|Higher Deductibles Equal No Care For Many|
While the President and those supporting the American Care Act (ACA) drone on about its virtues they fail to tell you it has probably taken more than a few lives of hard working Americans. If you are at a loss as to how Obamacare can take a life I will soon explain using as an example a real life story. Before, I take you there I must mention that during an interview on a Jan 24th talk show Hilliary Clinton stated we now have 90% of Americans covered by health-insurance. She should haveclarified the percentage means little, to be honest it depends on how you define "coverage." Clearly when to seek medical treatment is a personal issue, but the decision is often impacted by just what kind of coverage a person has. Obamacare has failed to drive non-emergencies to low cost options and we are paying the price.
Today many people have coverage with a deductible so high that they are afraid to use it. In some ways this is akin to having no coverage at all and this poses a massive problem. In many ways many people today suffer the worst of both worlds, not only have premiums rocketed through the roof, but soaring deductibles have made using the coverage a gamble and a painful experience. Horror stories abound as to the cost of medical bills and how just a few hours of care or a short emergency room visit can quickly generate a bill costing thousands of dollars. These high deductibles are a trap set to create bills many people are forced to pay on top of their already "bone crushing" premiums.
|Many ER Visits Are Unnecessary|
The unintended consequences of Obamacare played out in a true story about someone very close to me proving my point, and this I know as a fact because I drove them to the hospital. One night in serious pain this person finally entered the emergency room after sitting in my vehicle for about 30 minutes waiting for the pain to subside. It came in waves so she finally conceded to the idea it was not a silly quest and succumbed to the heavy pressure upon her chest. After about an hour and several tests they found nothing. Of course they advised her to be admitted for more tests, but feeling rather silly and much better she declined. Isn't spending an estimated two thousand dollars enough to be told nothing.
Interestingly, the next night the same song began to play, again after sitting outside the door we took it to the next level and finally entered. This time a heart attack was confirmed and it was go time, or should I say, almost go time. By ambulance she was shifted off to their regional center 20 minutes away where after being stabilized she waited for hours as they kicked several patients ahead of her. They were playing the "triage game" which in medical terms means assigning the order in which treatment is given based on the degrees of urgency to wounds or illnesses. It was only during surgery they discovered she was lucky the bomb within her chest had not exploded and if it had she most likely would not have made it.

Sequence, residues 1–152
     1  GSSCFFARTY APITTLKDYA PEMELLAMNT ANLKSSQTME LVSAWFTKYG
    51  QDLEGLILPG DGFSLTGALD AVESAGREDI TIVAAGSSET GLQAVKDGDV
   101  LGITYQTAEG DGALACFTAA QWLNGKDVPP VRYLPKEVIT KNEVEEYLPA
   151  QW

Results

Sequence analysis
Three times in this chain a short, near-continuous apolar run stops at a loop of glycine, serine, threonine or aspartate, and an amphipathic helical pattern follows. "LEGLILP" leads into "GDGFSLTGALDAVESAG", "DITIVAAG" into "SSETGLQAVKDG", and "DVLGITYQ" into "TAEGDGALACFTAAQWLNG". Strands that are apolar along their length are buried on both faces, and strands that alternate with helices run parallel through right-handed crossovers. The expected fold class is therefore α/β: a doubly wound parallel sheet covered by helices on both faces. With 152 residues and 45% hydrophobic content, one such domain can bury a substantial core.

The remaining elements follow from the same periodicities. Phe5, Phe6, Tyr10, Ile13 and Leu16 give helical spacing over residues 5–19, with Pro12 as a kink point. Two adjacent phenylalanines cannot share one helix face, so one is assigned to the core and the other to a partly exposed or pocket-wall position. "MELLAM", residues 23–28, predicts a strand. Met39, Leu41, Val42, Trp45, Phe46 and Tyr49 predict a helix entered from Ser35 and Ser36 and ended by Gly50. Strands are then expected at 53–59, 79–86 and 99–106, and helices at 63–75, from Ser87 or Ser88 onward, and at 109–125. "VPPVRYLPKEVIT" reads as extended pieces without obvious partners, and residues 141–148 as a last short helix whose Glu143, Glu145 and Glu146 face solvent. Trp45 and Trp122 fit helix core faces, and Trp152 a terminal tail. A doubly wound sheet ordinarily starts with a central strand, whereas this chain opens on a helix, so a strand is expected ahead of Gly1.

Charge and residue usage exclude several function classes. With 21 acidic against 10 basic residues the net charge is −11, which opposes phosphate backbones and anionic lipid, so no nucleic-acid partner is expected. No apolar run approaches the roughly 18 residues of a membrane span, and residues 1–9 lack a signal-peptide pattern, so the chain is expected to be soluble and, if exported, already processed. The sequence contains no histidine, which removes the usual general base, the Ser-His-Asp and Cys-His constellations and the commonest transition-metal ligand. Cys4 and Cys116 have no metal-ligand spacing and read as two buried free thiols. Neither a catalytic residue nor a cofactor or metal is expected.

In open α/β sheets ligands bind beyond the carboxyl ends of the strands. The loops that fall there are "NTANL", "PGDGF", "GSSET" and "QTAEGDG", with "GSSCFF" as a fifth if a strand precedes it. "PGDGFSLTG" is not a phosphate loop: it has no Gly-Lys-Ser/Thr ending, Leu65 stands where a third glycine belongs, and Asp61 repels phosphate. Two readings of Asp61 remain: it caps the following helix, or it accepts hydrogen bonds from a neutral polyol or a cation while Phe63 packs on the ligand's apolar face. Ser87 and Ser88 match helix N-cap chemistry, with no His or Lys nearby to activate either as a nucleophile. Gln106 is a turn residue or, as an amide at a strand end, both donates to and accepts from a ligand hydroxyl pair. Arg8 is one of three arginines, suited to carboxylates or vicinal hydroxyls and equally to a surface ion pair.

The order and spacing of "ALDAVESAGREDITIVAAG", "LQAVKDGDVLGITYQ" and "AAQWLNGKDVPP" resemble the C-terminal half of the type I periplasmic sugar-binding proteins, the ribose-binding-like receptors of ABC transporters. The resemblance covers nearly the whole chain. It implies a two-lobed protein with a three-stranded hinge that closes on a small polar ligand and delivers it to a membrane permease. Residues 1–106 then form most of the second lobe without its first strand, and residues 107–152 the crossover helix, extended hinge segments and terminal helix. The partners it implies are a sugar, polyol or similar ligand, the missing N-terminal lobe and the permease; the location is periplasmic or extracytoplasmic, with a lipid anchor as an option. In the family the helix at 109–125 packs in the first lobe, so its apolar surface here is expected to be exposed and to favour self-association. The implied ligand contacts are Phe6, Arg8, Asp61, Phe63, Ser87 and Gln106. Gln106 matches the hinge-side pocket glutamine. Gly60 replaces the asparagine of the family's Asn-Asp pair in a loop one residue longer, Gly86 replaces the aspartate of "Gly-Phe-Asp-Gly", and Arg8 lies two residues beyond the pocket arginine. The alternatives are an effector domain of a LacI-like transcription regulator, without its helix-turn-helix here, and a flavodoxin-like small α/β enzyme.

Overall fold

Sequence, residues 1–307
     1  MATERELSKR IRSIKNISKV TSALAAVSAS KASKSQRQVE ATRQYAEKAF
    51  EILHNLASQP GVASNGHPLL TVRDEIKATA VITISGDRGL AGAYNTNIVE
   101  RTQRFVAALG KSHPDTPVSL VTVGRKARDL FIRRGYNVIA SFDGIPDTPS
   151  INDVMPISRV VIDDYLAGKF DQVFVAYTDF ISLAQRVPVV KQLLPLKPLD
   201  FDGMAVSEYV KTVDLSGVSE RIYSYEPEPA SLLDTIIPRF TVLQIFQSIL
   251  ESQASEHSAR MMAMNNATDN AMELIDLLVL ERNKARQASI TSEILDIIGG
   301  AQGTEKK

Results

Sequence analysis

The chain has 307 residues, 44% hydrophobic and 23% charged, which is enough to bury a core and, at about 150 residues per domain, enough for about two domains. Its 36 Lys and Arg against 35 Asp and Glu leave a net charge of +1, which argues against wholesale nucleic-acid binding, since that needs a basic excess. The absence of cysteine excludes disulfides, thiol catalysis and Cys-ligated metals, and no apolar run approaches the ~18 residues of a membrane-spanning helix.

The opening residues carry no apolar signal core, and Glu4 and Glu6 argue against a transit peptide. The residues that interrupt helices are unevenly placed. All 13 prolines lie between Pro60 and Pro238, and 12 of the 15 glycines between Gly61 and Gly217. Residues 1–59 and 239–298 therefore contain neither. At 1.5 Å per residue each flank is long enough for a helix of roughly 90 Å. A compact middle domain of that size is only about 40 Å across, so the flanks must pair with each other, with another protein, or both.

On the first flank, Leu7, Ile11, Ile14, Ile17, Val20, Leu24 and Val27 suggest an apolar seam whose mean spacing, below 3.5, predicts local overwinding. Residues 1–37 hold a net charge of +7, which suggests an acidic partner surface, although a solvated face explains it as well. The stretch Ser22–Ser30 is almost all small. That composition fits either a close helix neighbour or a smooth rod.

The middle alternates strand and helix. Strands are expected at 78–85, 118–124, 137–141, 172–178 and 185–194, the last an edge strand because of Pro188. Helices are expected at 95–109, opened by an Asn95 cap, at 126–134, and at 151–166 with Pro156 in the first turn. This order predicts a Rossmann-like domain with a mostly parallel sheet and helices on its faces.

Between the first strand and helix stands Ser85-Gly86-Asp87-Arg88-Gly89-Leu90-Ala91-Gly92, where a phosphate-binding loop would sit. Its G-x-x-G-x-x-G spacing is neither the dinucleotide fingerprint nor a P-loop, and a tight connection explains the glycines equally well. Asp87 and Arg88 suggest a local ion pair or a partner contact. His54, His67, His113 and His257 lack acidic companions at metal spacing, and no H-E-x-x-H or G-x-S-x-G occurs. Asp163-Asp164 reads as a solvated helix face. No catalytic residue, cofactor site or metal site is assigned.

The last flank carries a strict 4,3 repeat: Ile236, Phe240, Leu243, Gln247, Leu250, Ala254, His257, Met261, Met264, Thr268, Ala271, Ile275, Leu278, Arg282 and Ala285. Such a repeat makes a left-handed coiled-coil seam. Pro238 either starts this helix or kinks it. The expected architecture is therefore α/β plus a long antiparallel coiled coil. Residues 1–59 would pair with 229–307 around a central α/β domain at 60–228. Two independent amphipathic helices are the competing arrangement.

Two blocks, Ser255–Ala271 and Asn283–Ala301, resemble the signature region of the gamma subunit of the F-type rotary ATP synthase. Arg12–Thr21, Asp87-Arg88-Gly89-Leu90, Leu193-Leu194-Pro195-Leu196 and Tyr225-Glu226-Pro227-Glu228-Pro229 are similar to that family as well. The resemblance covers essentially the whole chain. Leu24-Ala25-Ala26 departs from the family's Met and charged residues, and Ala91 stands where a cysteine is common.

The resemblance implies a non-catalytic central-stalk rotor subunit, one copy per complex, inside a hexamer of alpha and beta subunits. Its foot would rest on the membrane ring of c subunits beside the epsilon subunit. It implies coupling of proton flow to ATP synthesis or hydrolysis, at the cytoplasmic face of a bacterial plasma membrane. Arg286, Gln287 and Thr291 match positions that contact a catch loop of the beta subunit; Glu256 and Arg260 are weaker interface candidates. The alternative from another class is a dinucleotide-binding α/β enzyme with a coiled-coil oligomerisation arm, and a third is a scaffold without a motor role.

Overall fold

Her blockage was in a blood vessel called the left anterior descending artery, the area that causes a fatal attack known as the "widow maker" because of its severity. It is important to note while this was happening she only appeared stable and before entering surgery they did not know just how dire her condition was. It seems that luck is indeed a big factor in healthcare just as it is in Russian-roulette. Understand some of us take pride in not only resisting visiting both doctors and hospitals, but fight such action tooth and nail. Call it stupid pride or stubbornness. It often seems much of the healthcare system would vanish if people used better judgement and were more responsible. An example is how the father of a friend went to the emergency room because he could hardly walk due to pain radiating from his feet. After several tests the diagnosis that his new shoes were the cause of his pain proved correct.
On the completely opposite side of the spectrum I remember a time years ago when I seriously thought I was having a heart attack during a sales call so I quickly excused myself and went to my car to avoid collapsing in my customers office, it turned out to be a false alarm and I never bothered to see a doctor. While several things can be taken away from this article one thing is certain, and that is our healthcare system leaves a lot to be desired. While a basic single payer system may not be ideal, because it would mean healthcare would have to be rationed in someway, if we want to be realist it sure as hell would on average be more fair than what we have today. Of course any system needs to be structured to bring in more personal responsibility and also allow people financially able to buy supplemental and deluxe coverage if they like.
Footnote; Below is an article that delves into how the healthcare system in America is broken. Washington may be underestimating how many people are dropping coverage regardless of the rising penalties. Americans simply cannot afford to buy what is being served, what may prove even more problematic is if people quit their job and move onto the government rolls. Obamacare is a system that may collapse under the weight of soaring cost.